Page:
Have you heard of the Tshwane Principles yet? Published a week ago the Tshwane Principles on National Security and the Right to Information set out detailed best practice recommendations on where the lines should be drawn between disclosure and secrecy with regard to government held information. The document represents over two years of work by a collaboration of governments, academics, civil society groups and a wide range of expert opinions from over 70 different countries. The standards also address other issues from the treatment of whistle blowers, to the classification and declassification of information and to the formation of independent oversight bodies to name just a few.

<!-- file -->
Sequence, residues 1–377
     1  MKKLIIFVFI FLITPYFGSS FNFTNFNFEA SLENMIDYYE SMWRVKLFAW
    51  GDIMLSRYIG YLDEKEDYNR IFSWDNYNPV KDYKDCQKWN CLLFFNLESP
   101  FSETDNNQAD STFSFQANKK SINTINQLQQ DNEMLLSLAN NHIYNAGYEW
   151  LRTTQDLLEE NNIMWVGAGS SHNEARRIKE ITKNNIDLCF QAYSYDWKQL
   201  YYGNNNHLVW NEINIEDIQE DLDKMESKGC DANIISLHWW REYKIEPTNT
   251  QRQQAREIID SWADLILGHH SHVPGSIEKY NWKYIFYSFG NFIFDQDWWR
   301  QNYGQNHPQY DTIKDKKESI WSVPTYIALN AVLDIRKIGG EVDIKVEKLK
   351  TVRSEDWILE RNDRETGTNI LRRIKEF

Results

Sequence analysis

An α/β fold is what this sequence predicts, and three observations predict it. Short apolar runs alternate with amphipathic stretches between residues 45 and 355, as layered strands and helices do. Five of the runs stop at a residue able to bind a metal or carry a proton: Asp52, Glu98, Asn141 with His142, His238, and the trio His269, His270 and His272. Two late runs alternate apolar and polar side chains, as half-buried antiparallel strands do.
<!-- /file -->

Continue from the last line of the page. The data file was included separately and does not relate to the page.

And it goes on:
This announcement article from the Open Society Justice Initiative who facilitated the creation of the principles claims that even the draft form of the principles has already proved itself a useful tool in the debate over state information laws in South Africa. It’s hoped that the completed Tshwane Principles will be considered and adopted by governments all over the world, promoting openness and justice in the area of information access. Lord Alex Carlile QC described the Principles as “a standard that is both aspirational and achievable”. Whenever issues of access, disclosure and classification make it onto the agenda, the Tshwane Principles need to be close behind, holding governments to a standard that is high and fair yet still has its feet firmly grounded in the realities of security today.